Kant

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The moral act of human beings respecting one another has been for many years generalized as persons treating each other the way they would want to be treated which is known as the “Golden Rule”. In this article respect with regards to Kant’s theory takes respect from a casual exchange such as a polite “ excuse me” or “ thank you” to the very intents of the heart of persons in any exchange.
The core argument in this case is the subject matter of whether or not companies treat their employees as a means to their end or if companies treat employees as an end in and of themselves. Most business’s look at their employees as resources used to accomplish task needed to generate revenues for the company‘s stockholders. In order to understand the issue Kantians have with this business viewpoint one must first understand what Kant considers respect. According to Kant human beings have dignity which cannot be bought. He also believes that human beings are not exchangeable. Kant’s second formulation of the categorical imperative says “Act so that you treat humanity whether, in your own person or in that of another, always as an end and never as a means only. (Norman E. Bowie “Business Ethics” pg. 67-68) His views regarding human dignity poses a threat to the way businesses operate because from a business standpoint, machinery and humans are one in the same and whichever can meet the objectives of the company more efficiently the company will choose.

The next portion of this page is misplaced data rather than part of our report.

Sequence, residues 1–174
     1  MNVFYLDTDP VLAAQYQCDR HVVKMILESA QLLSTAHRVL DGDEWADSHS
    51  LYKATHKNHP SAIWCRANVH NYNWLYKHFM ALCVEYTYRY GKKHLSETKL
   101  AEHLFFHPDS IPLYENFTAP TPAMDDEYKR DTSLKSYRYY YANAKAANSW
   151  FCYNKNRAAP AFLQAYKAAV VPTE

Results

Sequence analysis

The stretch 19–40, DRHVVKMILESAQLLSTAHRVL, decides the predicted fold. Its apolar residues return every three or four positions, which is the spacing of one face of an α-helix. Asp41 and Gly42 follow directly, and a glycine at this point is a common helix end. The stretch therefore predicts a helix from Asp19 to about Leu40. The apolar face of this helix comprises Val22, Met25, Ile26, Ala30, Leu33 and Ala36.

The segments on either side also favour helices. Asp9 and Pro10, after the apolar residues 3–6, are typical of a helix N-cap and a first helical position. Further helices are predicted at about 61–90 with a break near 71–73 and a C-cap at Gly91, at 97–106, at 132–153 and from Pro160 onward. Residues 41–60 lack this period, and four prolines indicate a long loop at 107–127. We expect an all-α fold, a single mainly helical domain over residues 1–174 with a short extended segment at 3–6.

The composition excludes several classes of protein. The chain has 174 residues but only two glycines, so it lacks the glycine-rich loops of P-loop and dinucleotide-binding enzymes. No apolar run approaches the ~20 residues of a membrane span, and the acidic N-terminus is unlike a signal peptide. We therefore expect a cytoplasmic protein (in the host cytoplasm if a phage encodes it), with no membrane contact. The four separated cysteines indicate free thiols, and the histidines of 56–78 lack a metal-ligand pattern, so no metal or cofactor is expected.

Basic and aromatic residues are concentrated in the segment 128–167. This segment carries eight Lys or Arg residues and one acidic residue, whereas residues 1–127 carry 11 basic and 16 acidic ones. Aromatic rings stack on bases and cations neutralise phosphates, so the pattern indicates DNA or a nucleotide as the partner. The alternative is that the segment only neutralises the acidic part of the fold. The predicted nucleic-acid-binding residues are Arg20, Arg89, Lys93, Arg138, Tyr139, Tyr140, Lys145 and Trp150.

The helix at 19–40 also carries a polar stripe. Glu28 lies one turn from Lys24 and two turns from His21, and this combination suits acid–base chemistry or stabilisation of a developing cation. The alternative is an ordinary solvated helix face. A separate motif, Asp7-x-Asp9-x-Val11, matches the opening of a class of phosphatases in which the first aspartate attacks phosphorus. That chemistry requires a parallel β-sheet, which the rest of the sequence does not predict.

In this article, Bowie brought forth several points of view in an effort to pin point whether there is a problem with the way companies define respect. Bowie mentioned that most of the arguments against company’s respect for its employees are the very policies that seem to contradict many company’s claim to have respect for its employees. Bowie mentioned that oftentimes the very policies of companies invade the privacy of its…...

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